The number of countries and territories covered by SWIFT swelled from 126 in 1994 to 200 in 2003 and 212 now.

Bigger western banks considered SWIFT more cost effective and secure than alternative means of communication, Cousins said, and encouraged smaller banks to become members.

But despite the rise in the number of smaller institutions as members, the big banks continued to dominate SWIFT. The organization’s revenues, which hit 710 million euros last year, are driven by a concentrated number of large western correspondent banks like Citigroup and HSBC, former SWIFT staff said.

Traditionally, 90 percent of messaging revenue comes from banks in just 25 countries – almost all developed nations – data in the decade to 2011, the last year for which SWIFT published a breakdown, shows.

Some people working at the coalface spotted evidence of deteriorating security well before this year’s Bangladesh case.

Two years ago, Martin Ullman, a Prague-based SWIFT consultant, was browsing a LinkedIn forum for SWIFT users when he saw a posting from a recently-appointed technician at the Central Bank of Solomon Islands (CBSI). The technician needed to install an upgrade to the bank’s SWIFT messaging system but didn’t know how. He wanted advice.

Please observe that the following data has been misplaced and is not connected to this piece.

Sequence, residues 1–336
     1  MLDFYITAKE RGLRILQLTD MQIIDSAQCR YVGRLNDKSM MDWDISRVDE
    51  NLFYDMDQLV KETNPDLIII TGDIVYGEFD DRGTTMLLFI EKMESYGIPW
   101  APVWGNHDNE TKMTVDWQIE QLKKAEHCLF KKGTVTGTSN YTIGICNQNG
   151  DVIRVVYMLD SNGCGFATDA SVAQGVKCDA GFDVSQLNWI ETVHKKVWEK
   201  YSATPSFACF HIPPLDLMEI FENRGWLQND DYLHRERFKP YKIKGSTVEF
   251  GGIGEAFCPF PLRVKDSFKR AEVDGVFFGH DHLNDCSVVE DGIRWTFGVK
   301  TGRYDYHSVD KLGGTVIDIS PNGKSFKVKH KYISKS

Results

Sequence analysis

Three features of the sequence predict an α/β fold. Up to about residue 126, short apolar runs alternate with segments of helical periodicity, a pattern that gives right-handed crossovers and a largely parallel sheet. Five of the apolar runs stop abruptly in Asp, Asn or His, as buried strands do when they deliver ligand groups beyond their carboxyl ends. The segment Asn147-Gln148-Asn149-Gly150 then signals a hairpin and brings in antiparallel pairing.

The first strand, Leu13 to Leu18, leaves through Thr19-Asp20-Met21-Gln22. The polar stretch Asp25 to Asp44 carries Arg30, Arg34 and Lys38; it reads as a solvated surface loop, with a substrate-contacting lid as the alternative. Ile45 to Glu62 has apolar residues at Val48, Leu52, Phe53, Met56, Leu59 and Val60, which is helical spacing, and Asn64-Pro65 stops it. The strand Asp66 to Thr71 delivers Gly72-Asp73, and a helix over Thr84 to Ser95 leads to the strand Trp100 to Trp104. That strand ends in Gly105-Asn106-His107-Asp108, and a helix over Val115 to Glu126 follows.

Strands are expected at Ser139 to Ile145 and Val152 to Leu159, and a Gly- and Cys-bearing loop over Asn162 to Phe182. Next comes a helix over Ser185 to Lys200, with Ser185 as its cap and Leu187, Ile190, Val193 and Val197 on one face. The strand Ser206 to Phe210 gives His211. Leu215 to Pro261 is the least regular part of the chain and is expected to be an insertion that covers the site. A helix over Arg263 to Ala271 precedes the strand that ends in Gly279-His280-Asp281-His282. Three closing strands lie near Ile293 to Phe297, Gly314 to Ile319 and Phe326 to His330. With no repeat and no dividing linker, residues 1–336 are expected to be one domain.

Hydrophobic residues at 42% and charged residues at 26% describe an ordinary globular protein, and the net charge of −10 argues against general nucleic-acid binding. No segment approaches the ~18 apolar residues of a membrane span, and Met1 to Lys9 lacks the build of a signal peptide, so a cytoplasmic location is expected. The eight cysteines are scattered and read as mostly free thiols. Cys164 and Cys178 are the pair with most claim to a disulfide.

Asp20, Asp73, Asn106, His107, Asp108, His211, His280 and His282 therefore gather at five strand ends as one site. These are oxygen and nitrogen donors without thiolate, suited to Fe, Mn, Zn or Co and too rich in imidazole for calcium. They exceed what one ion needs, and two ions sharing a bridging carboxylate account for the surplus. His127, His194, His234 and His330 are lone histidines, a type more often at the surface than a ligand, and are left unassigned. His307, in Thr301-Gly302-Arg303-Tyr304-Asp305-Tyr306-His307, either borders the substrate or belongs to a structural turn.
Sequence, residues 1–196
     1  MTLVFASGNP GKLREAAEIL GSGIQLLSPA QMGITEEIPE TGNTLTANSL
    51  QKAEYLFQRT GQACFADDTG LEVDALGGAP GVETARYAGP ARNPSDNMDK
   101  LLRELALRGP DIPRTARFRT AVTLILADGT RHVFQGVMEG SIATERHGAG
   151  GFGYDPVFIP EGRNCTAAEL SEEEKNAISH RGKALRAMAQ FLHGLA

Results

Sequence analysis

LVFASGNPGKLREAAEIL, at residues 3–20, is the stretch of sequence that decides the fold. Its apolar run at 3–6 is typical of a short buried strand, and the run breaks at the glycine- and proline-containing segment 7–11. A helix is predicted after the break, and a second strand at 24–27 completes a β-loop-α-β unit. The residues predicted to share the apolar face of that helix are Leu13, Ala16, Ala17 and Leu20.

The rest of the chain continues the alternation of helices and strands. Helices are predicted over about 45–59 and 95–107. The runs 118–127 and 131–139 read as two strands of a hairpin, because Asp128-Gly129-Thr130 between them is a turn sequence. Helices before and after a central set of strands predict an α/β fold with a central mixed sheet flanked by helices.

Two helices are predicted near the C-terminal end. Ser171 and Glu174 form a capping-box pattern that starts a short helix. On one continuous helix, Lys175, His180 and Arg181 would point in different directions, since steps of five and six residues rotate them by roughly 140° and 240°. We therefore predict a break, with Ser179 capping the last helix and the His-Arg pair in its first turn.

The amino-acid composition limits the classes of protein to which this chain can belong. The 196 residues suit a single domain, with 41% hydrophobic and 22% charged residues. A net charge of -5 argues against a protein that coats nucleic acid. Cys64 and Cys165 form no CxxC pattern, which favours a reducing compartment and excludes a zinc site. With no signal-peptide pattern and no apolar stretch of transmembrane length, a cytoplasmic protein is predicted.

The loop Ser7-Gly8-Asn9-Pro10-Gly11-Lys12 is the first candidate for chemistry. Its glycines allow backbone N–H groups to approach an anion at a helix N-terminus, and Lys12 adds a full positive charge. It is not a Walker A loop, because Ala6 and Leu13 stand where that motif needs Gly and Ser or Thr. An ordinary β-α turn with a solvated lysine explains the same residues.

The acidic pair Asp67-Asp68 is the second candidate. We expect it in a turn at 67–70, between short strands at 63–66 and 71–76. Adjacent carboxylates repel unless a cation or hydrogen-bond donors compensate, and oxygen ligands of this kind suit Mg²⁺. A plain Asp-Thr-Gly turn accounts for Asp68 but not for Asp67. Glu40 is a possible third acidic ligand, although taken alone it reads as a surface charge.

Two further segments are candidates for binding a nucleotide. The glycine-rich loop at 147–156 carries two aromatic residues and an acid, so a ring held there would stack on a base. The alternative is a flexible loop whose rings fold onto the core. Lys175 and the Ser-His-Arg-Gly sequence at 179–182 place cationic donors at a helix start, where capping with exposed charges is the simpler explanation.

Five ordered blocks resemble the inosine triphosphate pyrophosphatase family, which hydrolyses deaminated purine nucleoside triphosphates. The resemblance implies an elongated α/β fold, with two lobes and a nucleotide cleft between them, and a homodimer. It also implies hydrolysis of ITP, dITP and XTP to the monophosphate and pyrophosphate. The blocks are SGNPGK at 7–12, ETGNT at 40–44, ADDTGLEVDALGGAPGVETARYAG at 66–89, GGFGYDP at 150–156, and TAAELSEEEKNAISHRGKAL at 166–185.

Ullman emailed the man and told him that raising such issues in a public forum could endanger security and advised him to seek expert help. The technician said the bank couldn’t afford it, and said he finally managed to install the system himself. CBSI declined to comment. Reuters was unable to contact the technician to confirm the incident.

Yet security was vital: Six former directors of SWIFT said any breach of the broader system could put the bedrock of SWIFT – the willingness of banks to accept messages at face value – at risk.


Hugh Cumberland, a former SWIFT executive who now advises banks on payments technologies, said he first saw security risks in 1993. He told Reuters that, when he was working as a technology contractor with BZW, an arm of BARCLAYS, in London. Cumberland arrived for work one day to be met by policemen carrying Heckler & Koch submachine guns. Two staff members had been arrested for attempting to use their access to a SWIFT terminal to send 10 million pounds of “unnamed client money” to accounts controlled by them. Cumberland did not know the outcome of the case. Both SWIFT and Barclays declined to comment.